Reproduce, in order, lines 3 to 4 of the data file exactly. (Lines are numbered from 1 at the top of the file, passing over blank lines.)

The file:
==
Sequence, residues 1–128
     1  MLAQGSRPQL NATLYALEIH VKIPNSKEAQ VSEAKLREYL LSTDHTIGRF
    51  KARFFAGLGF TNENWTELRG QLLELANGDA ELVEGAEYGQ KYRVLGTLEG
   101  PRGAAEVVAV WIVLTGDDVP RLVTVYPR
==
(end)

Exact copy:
    51  KARFFAGLGF TNENWTELRG QLLELANGDA ELVEGAEYGQ KYRVLGTLEG
   101  PRGAAEVVAV WIVLTGDDVP RLVTVYPR